A CV is a personal document that presents your work experience to potential employers. It is basically a brochure selling your strong points. Like any brochure, your CV will be competing with other candidates. The hiring manager may sift through dozens or even hundreds of CVs, so avoid obvious mistakes and turn offs, as this will quickly eliminate your CV from the hiring process.
Bear in mind that your CV may be uploaded to a variety of software packages, or may need to be uploaded to an online careers portal, so for this reason, keep your CV layout simple - do not use boxes or tables, use the same font size and font type throughout the CV (I personally recommend times New Roman, 11 point) and only use black ink. For the same reason, your CV should ideally be a word document and not a pdf file.
Start off with your personal details (name, address, full contact details, availability). Nationalities, date of birth, marital status are optional. If relevant, state if you have a full clean driver’s license.
The next section in your CV is a brief summary of your educational qualifications. Start off this section by listing your highest 3rdlevel qualification first, stating which college, the dates and the result. Then list other qualifications afterwards, and then list any certifications you may also have, and mention any membership of trade / professional bodies.It is not necessary to put in your full Leaving Certificate results, unless it is your only qualification.
You may wish to include a Skills section in your CV. This can be used to point out your core competencies, and/or to mention skills that you have acquired which you haven't mentioned already e.g. fluency in foreign languages, first aid courses, etc. Avoid listing off lots of technical skills, as the hiring manager will have no way of understanding which of these skills are secondary and which are primary.
If you wish to use a profile section, keep it brief and ideally you should tailor this profile for each position you apply for. The space for your personal details and educational background and your profile should take up about the first half of an A4 page.
Work Experience section:
Then start listing your work experience, with your current (or most recent) position listed first (i.e. reverse chronicle order). For each role, list your key responsibilities and achievements and skills used/gained. Many people do this using bullet point format, and this is fine.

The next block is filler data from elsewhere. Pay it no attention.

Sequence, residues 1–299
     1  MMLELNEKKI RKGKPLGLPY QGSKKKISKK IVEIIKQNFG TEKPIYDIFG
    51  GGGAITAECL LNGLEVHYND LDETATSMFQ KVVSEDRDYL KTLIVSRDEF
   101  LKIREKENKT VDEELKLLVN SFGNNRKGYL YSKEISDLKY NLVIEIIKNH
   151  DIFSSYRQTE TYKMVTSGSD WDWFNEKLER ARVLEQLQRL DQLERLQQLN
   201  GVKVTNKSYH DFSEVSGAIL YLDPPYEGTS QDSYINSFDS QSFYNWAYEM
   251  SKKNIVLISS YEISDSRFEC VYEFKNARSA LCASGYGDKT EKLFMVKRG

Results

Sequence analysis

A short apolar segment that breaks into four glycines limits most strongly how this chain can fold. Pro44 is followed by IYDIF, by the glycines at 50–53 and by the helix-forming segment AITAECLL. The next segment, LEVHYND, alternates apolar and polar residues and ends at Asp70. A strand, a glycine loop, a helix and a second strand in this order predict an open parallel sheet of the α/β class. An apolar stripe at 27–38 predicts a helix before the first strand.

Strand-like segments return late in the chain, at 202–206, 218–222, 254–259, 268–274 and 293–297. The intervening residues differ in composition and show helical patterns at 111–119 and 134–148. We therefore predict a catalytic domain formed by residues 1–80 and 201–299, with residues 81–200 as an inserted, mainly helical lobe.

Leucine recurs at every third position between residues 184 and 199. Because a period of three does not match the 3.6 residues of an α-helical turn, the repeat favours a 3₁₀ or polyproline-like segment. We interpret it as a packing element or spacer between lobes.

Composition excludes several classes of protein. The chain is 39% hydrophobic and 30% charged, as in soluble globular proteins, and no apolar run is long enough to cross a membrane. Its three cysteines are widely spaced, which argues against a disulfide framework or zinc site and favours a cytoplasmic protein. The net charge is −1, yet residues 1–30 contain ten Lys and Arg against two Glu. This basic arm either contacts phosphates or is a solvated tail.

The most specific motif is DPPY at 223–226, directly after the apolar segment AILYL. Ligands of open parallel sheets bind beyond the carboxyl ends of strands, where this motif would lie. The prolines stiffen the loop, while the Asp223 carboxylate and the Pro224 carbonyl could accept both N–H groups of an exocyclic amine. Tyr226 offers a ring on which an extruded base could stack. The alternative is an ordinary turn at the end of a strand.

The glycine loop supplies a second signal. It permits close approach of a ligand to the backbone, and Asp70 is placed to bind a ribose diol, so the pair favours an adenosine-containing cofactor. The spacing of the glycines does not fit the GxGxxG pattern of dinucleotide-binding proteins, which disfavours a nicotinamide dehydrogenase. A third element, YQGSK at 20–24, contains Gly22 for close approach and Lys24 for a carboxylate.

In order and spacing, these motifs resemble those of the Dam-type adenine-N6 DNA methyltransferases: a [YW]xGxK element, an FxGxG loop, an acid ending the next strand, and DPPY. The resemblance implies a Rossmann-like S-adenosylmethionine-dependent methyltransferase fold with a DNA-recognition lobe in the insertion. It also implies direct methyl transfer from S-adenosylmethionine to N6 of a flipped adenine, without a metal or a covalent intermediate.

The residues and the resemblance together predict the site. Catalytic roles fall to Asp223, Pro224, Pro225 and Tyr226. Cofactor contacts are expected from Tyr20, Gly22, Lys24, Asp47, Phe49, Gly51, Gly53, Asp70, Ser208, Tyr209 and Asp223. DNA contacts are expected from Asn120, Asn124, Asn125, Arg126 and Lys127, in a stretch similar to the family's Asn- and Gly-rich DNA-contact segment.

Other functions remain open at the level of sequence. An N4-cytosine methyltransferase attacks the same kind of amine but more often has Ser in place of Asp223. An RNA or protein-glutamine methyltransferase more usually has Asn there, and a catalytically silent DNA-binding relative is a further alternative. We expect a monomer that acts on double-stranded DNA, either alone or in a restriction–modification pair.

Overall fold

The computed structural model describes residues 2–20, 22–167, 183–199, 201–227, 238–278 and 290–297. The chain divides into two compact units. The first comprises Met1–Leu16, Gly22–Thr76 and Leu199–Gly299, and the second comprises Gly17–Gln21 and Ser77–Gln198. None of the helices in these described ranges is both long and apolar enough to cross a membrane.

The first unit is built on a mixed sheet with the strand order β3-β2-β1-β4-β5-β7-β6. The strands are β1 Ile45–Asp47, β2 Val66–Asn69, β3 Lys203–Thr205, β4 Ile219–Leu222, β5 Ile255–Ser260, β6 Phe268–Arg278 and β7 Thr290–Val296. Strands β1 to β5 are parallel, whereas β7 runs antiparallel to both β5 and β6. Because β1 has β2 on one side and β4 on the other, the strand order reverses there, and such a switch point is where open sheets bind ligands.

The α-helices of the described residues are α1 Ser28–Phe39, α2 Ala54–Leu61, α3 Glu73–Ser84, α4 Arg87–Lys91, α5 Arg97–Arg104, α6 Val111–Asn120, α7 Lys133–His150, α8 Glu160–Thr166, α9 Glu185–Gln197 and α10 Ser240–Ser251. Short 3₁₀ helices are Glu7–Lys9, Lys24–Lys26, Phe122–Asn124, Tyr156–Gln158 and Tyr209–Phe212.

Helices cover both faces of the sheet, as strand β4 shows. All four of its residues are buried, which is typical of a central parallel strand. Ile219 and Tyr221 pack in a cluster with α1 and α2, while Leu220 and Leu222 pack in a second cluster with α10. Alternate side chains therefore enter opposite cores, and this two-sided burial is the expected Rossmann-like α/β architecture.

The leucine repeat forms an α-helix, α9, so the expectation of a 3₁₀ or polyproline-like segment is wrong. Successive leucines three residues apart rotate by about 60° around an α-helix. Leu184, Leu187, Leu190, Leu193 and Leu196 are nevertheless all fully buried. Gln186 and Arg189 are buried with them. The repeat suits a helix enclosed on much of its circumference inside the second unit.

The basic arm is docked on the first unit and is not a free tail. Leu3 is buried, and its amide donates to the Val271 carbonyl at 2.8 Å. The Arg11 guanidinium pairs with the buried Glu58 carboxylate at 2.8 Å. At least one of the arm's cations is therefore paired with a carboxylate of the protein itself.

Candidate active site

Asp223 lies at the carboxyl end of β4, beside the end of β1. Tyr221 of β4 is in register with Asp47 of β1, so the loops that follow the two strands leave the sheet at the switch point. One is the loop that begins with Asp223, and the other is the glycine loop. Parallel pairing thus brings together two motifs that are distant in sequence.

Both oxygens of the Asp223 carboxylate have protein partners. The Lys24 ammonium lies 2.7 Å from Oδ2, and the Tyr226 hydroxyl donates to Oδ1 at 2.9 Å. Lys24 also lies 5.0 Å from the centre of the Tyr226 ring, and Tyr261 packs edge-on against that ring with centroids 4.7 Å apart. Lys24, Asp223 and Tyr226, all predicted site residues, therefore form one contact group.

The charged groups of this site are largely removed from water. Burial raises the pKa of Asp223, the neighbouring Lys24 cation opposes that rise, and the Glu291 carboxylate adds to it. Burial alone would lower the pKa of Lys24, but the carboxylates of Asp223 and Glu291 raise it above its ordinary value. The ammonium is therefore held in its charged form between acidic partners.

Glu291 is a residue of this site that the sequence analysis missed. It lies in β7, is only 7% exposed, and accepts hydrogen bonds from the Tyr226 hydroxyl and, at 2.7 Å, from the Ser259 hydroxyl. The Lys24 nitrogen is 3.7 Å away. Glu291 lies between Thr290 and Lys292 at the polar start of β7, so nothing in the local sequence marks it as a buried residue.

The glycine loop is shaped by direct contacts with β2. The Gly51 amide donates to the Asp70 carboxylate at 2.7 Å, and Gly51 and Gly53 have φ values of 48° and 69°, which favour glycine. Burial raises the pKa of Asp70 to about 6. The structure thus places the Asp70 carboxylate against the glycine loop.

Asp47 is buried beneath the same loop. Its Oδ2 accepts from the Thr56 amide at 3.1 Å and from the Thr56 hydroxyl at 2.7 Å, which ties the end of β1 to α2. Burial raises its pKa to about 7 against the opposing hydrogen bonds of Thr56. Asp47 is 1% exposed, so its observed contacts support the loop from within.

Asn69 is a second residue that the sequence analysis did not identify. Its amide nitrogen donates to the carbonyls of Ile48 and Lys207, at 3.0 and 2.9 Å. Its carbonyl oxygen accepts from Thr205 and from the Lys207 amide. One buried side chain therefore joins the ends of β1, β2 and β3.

Finish your CV with a brief section on hobbies/interests and a one line statement that references can be supplied upon request.
Some other important points:
- Use your spell checker but do not rely on it – read through your CV to double check that there are no spelling mistakes or grammatical errors.
- Your CV should be anywhere from 2 - 3 pages long. A one page CV is too short, a 4 page CV is on the long side and anything longer than 4 pages will not be read.
- Keep it relevant. Remember your CV is not an ego exercise but a brochure which may only get 10 - 20 seconds of attention!
- Don’t use too much text; this makes it hard to read. Leave plenty of 'white space' so the reader can easily scan through your CV.
- Save it as a word document (.doc) to ensure that it can be opened universally.
- If you have any career gaps, explain them.
- Avoid clichés and generalisations. The hiring manager will read plenty of Cvs, all stating that they are “highly motivated, professional, team player with excellent communication skills" etc.
- If you have a LinkedIn site, you can refer to this in your CV. If you have a personal website and it is relevant to your application, you may also refer to this in your CV.
- Keep your CV up to date so that when needed you are prepared.
- Lastly, you should consider your CV to be a “vanilla” document, i.e. a standard basic CV which you then tailor for every individual job you apply for.